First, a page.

Jo Dirix: Are you a climate vegan? / SATURDAY 28th

28 Sep 2019
Inside Talks A

Jo Dirix: Are you a climate vegan? / SATURDAY 28th

Climate change and environmental problems in general will hurt human and non-human animals alike. With the current levels of environmental degradation few within the animals rights movement or even the vegan movement seem to act upon the knowledge that biodiversity loss, for instance, equals individual animal suffering. When thinking about veganism and, more broadly, about intersectionality, environmental problems seem to be considered of secondary importance. Indeed, the lives of individual animals seem to trump the sustainability of ecosystems.

This presentation will argue that the reasons for which we are compelled towards veganism warrant an eco-friendly lifestyle. Furthermore, it will attempt to show that the mentioned dichotomy between animals and ecosystems is of little regard when considering the ethical stances that lead us to veganism. Indeed, if the locus of concern is the fulfillment of rights (and the absence of harm) then the importance of thriving ecosystems can hardly be underestimated.

The reasons for living a vegan lifestyle seem to be divided between two schools of ethics, being; the consequentialist stance (‘How can I have the greatest impact?’) and the virtue ethical stance (‘Not in my name’). However, this presentation will ask, if these indeed are ethical foundations of our lifestyle choices, then why are vegans and animal rights activists not the most avid environmentalists? Why will we not consume animal products but have no problem using aviation (to have our vegan products flown in from across the globe)? Why is the former type of behavior the core of our moral concern while the latter is excluded from it, when both have comparable effects albeit being dispersed in time and location? If the spatial location of the (human and non-human) animal is of no moral importance, neither is his/her/x`s place in time. Therefore, it will be argued, climate change and biodiversity loss, to name but two, should top the intersectional agenda.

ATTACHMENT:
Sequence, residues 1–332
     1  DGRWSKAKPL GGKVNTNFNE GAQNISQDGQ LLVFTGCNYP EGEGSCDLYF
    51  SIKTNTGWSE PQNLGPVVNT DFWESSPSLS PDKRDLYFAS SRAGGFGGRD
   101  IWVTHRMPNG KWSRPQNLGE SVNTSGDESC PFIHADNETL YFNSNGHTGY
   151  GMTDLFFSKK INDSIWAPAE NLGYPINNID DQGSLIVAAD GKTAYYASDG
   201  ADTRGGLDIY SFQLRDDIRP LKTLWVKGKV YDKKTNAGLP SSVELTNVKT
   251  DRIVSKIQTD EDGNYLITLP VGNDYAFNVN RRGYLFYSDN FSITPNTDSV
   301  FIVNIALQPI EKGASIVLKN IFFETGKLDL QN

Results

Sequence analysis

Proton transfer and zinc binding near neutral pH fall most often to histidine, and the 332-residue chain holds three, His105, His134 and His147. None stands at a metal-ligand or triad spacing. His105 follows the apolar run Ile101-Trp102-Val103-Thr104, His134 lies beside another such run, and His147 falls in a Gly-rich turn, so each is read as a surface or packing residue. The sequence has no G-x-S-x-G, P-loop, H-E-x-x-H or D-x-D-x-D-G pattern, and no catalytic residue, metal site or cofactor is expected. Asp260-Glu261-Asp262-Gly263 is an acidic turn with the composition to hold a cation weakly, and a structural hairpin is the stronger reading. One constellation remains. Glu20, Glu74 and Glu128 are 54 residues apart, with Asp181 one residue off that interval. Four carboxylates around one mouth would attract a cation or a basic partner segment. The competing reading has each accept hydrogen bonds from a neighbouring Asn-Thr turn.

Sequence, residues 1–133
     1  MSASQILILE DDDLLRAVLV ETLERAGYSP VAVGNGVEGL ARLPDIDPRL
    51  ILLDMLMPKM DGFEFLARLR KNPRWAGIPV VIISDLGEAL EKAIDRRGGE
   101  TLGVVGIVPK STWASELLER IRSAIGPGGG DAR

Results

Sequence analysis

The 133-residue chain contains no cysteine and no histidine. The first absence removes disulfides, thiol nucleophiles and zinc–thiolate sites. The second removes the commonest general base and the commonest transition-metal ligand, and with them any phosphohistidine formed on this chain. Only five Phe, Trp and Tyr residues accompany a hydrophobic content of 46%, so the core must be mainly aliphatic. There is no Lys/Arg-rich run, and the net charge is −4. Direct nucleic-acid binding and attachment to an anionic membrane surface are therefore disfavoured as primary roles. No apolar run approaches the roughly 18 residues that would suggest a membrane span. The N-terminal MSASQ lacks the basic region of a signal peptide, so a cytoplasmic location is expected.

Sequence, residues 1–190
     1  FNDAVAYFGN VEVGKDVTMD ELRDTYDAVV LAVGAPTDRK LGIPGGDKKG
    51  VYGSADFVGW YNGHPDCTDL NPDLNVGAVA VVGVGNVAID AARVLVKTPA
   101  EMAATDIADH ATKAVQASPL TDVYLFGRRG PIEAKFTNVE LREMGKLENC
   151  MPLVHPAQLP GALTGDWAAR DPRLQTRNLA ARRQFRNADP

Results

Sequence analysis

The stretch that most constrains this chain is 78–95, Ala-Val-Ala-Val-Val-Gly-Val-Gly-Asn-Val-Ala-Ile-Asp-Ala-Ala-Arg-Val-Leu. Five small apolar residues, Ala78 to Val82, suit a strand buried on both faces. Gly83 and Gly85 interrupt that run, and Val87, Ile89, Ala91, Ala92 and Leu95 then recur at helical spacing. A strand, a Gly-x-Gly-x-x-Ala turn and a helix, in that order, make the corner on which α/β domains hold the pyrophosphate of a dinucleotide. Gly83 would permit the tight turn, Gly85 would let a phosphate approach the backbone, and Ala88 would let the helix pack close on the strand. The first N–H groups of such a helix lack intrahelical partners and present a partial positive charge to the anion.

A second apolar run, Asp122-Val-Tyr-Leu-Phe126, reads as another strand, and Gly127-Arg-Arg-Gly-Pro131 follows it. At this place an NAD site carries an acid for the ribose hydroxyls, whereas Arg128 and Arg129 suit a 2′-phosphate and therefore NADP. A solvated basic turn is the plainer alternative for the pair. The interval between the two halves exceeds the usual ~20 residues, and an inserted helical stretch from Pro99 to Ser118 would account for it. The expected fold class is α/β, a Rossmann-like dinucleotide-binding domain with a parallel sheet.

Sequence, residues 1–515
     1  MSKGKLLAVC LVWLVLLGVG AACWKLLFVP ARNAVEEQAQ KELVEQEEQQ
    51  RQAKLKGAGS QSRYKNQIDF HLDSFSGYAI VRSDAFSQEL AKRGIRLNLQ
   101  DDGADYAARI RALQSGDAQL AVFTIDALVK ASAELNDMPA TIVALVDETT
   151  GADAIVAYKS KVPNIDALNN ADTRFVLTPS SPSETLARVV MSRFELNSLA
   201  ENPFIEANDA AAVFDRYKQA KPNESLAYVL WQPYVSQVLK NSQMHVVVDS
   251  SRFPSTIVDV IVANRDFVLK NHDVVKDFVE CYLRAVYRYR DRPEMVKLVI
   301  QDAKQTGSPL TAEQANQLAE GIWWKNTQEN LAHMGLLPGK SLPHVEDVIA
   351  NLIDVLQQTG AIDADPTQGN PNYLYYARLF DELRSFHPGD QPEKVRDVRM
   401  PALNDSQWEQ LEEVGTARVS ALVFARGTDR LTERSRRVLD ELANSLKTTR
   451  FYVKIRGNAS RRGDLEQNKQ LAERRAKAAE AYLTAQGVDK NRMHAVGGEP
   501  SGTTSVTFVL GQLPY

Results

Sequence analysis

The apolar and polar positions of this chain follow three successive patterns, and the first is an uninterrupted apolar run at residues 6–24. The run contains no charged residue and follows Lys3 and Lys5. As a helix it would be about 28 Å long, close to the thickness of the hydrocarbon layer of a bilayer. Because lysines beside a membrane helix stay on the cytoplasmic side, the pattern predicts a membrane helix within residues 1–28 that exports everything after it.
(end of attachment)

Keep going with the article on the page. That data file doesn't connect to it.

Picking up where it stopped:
In sum, a vegan lifestyle warrants environmentalism and environmental activism. Although the green movement shows little or no affiliation to the animal rights cause the goals the greens envision are of primordial importance to the former cause. Indeed, a vegan lifestyle requires that we find allies within the green movement and that we overcome the dichotomy many within the animal rights milieu uphold. Joining the green ranks might be an arduous task, yet it is one we need to fulfill if the “justice for all”-adage truly is at the heart of our struggle.

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